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Hong Kong isn't a modest city and with its second recession since the Communists came into town, a fashion week was just the thing to perk up the local mood

by Jamil Anderlini


HAT better way to get your mind off your financial troubles than to put on a fashion show? The economy in Hong Kong is in serious recession but that did not stop the city from holding its fifth annual fashion week in much the same style it has become accustomed to.
   Outside of Japan the event is the pre-eminent fashion meeting in Asia, with the Hong Kong Trade Development Council taking care of logistics and participants flying in from over 20 different countries. In attendance were the usual pop starlets and media hordes as well as a certain type of ostentation peculiar to this former British colony. Despite obvious signs of recession it was plain from last week’s event that the Asian love affair with brands, and especially brands associated with wealth and prestige, is alive and well.
   For a century-and-a-half, wealth and prestige came from Europe to this part of Asia and the need to copy styles from labels on the continent still seems to predominate here. As the unusually tall women who walked as if they were wearing flippers paraded down the catwalk at this year’s Hong Kong Fashion Week, there was a sense that what you were seeing in the designs was a careful interpretation of what was going on in Paris, London and Milano.
   The bright happy colours from the local designers seemed to reflect the need for cheerfulness in the gloomy commercial climate while their designs tended towards the more conservative, proving that these clothes were aimed at the buyers and not meant to make any statements. Denim enjoyed a revival amongst many of the participating designers after expectations in the fashion world that it may be on the decline. On the other hand, vintage clothing did not feature despite its popularity in other fashion centres around the world. I guess that is not really surprising when you consider this part of the world’s reliance on textile manufacturing.
   A focus of this year’s event was the launch of several new labels, including some from the large contingent of Korean designers who were numerous enough to warrant their own runway show. Korean fashion is often flamboyant, tending towards ridiculous, but this year the styles could be described as rather subdued.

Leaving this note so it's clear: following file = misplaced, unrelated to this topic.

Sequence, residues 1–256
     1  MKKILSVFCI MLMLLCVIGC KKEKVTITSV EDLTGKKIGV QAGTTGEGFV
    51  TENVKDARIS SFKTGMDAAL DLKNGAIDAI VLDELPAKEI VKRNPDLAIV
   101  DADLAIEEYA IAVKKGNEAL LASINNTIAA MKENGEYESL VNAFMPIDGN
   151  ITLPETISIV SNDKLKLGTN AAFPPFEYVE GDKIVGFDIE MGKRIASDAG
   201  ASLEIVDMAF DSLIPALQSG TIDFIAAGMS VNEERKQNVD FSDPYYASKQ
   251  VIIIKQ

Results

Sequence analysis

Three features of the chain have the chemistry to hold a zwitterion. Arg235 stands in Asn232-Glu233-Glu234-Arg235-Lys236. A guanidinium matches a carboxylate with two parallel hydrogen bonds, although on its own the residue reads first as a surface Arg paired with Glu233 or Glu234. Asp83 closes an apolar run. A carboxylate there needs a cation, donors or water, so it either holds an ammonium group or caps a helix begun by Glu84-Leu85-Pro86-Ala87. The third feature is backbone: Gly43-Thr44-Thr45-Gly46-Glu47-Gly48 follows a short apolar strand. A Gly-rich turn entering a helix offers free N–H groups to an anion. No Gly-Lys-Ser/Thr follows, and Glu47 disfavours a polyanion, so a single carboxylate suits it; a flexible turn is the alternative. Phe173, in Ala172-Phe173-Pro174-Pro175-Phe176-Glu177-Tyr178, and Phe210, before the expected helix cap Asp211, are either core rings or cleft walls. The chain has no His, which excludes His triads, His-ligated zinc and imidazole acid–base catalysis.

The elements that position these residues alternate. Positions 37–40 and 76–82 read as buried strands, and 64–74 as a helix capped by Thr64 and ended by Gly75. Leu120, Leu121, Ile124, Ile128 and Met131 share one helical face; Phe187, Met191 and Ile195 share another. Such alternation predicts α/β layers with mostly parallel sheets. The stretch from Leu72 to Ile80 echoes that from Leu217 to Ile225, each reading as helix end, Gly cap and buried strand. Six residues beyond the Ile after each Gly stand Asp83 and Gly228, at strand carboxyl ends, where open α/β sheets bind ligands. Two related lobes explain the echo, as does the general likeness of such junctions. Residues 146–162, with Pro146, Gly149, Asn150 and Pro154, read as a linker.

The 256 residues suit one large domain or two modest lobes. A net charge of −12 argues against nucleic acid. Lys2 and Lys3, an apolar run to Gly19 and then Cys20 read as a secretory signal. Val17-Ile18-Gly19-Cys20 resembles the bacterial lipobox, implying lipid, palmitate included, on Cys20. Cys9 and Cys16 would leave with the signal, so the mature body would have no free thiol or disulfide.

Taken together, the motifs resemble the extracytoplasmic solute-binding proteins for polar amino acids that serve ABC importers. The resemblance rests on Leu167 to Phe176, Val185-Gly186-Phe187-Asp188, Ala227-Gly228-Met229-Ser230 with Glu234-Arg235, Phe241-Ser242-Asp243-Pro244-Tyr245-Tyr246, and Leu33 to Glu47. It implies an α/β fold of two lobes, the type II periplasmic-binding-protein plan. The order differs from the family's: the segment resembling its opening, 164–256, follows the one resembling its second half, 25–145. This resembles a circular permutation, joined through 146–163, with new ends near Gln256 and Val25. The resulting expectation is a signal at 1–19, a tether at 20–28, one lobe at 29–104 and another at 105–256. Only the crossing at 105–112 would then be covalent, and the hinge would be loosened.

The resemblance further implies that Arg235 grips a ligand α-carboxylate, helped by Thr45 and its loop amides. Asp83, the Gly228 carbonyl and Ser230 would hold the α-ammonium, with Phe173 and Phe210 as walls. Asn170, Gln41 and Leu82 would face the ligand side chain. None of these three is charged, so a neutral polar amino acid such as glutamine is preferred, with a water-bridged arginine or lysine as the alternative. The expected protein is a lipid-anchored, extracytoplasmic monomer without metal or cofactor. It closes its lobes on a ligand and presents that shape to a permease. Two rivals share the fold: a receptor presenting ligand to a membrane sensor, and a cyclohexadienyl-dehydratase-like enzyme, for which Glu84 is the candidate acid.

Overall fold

The highlight of the week was probably the collection from the winner of the Hong Kong new fashion award Hidy Ng Kwan Kay. Her Bohemian collection defied the adage that the skirts get shorter when the economy gets worse, with long, flowing skirts and singlets topped off with scarves. Not only were her garments voted the most creative, her choice of theme titles showed up such irrelevancies as ‘Cool cool blue,’ ‘Secret garden’ and ‘Passage to wonderland’.
   Apart from the six or so catwalk shows, the week also involved a number of seminars and a massive trade fair that included stalls displaying everything from buttons and costume jewellery to haute couture. Of course, the two extremes were separated at either ends of the massive new Hong Kong event centre by the fashion spectrum in between.
   Somewhere in the middle could be witnessed the surprising sight of a couple of Aussie bloke models in their outback gear parading up and down a makeshift aisle with partners in full bridal regalia. A total of 10 Australian designers had stalls in the event and a seminar entitled ‘Selling your label in Australia’ talked about the inter-reliance of the Asian and antipodean markets. The emphasis placed on overseas buyers was yet another reminder of just how reliant business and fashion are on each other, while the most noticeable shortfall of the well-organized and professional fashion week was the absence of any sort of after-fashion show soirée. After each event all the participants and guests went on their way without so much as a glass of sparkling grape juice. This very unfashionable development is perhaps another sign of just how bad things have gotten financially in the notoriously decadent city. • Jamil Anderlini

Jamil Anderlini is a guest contributor to Lucire.

Visit Hong Kong Trade Development Council


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